Law & Order

Season 13 Episode 8

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1
Aired Monday 10:00 PM Nov 27, 2002 on NBC
7.9
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Episode Summary

EDIT
*
AIRED:
A star baseball player becomes the prime suspect in the murder of his limousine driver when it is discovered that the driver regularly supplied steroids to the sports icon. The subsequent investigation reveals blackmail as the underlying motive for the murder.

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SUBMIT REVIEW
    Elisabeth Rohm

    Elisabeth Rohm

    ADA Serena Southerlyn

    Jerry Orbach

    Jerry Orbach

    Det. Lennie Briscoe

    S. Epatha Merkerson

    S. Epatha Merkerson

    Lt. Anita Van Buren

    Sam Waterston

    Sam Waterston

    Exec. ADA Jack McCoy

    Jesse L. Martin

    Jesse L. Martin

    Det. Ed Green

    Fred Dalton Thompson

    Fred Dalton Thompson

    DA Arthur Branch

    Reynaldo Rosales

    Reynaldo Rosales

    Kevin Seleeby

    Guest Star

    Josh Stamberg

    Josh Stamberg

    Martin Stanley

    Guest Star

    Jay O. Sanders

    Jay O. Sanders

    Alan Fenwick

    Guest Star

    J.K. Simmons

    J.K. Simmons

    Dr. Emil Skoda

    Recurring Role

    Leslie Hendrix

    Leslie Hendrix

    Dr. Elizabeth Rodgers

    Recurring Role

    Peter McRobbie

    Peter McRobbie

    Judge Walter Bradley

    Recurring Role

    Trivia, Notes, Quotes and Allusions

    FILTER BY TYPE

    • TRIVIA (2)

      • When Serena tells Douglas Carrol of "Living Out" magazine that she is there about their profiles of gay New Yorkers, he misunderstands her and says that she's not famous enough. This foreshadows the revelation in Season 15's "Ain't No Love" that Serena is a lesbian.

      • Nitpick: McCoy certainly didn't put up much of an argument to justify getting the doctor to testify as to motive. The defense attorney is able to convince the judge that McCoy knows the blackmail was over Seleeby being gay, and therefore calling the doctor to establish motive about blackmail over steroids would be a violation of legal ethics because McCoy knows it isn't true. The judge's decision to disallow the doctor basically gives the defense attorney a double standard. McCoy should have argued that he only knows about the homosexual blackmail because the defense attorney made a mistake. If the original memo weren't delivered to the DA's office, the authorities would have pursued their original theory that the blackmail would have been over the steroids, and probably would have called the doctor to testify. And without knowledge to the contrary, McCoy's action would have been legit. It would therefore have been up to the defense to either accept the doctor testifying when they know it isn't true, or dispute that with the revelation Seleeby is gay. So McCoy could have pointed this out and might have gotten the judge to present the choice to the defense: either let the doctor testify or let the prosecution use the homosexual stuff. It's almost as if the defense sent the memo to purposely alert the DA of the gay lover knowing they could have it thrown out later and cut off any effort to present an alternate motive because the DA knows the truth. Yet everyone seems to accept it was simply an incompetent legal clerk rather than a purposeful tactic, and some acknowledgement of the idea would have been appropriate.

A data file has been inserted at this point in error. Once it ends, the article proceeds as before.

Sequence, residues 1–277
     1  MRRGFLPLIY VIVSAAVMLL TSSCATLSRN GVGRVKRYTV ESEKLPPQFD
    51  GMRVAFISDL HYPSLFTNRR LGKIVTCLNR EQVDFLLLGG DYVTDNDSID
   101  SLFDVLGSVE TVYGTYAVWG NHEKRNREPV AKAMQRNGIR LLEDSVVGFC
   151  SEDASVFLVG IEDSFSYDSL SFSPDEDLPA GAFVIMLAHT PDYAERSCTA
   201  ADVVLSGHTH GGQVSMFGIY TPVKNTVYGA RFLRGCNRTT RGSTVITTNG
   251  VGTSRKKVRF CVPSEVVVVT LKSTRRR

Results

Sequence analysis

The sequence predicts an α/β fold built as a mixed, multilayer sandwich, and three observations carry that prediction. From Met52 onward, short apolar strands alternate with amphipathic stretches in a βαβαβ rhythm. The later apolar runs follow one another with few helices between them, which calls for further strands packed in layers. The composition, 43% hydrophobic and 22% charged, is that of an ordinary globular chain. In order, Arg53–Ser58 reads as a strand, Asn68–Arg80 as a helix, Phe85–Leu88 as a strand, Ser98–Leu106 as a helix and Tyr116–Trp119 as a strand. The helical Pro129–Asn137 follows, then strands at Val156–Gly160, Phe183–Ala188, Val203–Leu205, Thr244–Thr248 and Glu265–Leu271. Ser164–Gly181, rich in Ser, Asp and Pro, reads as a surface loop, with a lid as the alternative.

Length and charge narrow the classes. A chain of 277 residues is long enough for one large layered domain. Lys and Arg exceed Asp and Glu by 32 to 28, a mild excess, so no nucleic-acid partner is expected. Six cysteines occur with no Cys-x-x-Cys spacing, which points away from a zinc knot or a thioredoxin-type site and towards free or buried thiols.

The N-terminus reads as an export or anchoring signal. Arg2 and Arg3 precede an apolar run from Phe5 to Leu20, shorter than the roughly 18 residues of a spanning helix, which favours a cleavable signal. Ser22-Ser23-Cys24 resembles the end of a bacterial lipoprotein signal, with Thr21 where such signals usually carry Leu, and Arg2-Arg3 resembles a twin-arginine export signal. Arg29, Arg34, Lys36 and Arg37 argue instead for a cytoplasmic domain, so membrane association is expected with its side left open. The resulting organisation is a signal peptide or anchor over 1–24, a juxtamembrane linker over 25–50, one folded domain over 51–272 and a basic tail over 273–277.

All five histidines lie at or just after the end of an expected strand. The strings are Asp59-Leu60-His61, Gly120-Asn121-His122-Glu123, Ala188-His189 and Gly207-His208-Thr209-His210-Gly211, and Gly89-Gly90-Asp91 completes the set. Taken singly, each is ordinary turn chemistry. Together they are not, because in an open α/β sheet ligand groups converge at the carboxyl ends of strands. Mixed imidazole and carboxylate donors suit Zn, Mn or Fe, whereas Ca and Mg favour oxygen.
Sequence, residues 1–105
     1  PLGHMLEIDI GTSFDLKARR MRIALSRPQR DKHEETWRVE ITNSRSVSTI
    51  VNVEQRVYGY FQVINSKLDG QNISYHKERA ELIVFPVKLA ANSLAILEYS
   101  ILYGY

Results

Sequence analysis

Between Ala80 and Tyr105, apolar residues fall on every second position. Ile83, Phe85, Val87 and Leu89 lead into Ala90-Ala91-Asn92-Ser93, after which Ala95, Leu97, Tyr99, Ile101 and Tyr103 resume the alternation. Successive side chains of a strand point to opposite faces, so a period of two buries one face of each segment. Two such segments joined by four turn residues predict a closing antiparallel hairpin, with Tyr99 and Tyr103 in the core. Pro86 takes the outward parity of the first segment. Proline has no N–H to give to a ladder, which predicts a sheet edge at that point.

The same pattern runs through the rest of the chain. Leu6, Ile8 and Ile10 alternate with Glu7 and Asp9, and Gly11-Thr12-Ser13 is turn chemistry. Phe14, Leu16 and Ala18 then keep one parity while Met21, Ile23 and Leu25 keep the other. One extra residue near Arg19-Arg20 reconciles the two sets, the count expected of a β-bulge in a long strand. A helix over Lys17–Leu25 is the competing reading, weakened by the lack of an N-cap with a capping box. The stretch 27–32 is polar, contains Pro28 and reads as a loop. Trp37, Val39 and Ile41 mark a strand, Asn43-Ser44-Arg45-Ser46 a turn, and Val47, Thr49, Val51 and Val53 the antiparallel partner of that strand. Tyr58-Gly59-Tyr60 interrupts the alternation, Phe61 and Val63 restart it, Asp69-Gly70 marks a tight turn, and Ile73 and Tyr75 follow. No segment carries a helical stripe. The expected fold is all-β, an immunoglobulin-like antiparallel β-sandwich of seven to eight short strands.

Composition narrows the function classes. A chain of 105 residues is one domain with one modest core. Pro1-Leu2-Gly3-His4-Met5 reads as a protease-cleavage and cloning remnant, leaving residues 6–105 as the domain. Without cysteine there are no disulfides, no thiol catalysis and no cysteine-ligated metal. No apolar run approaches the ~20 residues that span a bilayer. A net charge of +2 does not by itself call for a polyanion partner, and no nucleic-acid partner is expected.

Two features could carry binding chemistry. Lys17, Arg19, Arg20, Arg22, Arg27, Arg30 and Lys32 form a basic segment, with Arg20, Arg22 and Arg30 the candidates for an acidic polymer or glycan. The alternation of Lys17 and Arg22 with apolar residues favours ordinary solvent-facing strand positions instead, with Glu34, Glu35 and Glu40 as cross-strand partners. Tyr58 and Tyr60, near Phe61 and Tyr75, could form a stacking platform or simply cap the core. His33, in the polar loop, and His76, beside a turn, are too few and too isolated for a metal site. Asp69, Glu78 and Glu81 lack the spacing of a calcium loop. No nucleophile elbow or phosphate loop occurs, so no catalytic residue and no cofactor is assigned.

• QUOTES (0)

    • NOTES (0)

    • ALLUSIONS (2)

      • While discussing the peccadilloes of various sports figures, Jack McCoy mentions Rae Carruth. Rae Carruth is a former football player who was convicted of conspiracy to murder his pregnant girlfriend and is serving a lengthy prison sentence. This case was explored earlier in the eleventh season episode "A Losing Season".

      • This episode appears to be ripped from the headlines of the Jayson Williams case. In 2002, Williams was believed to have shot and killed Costas Christofi, his limousine driver.

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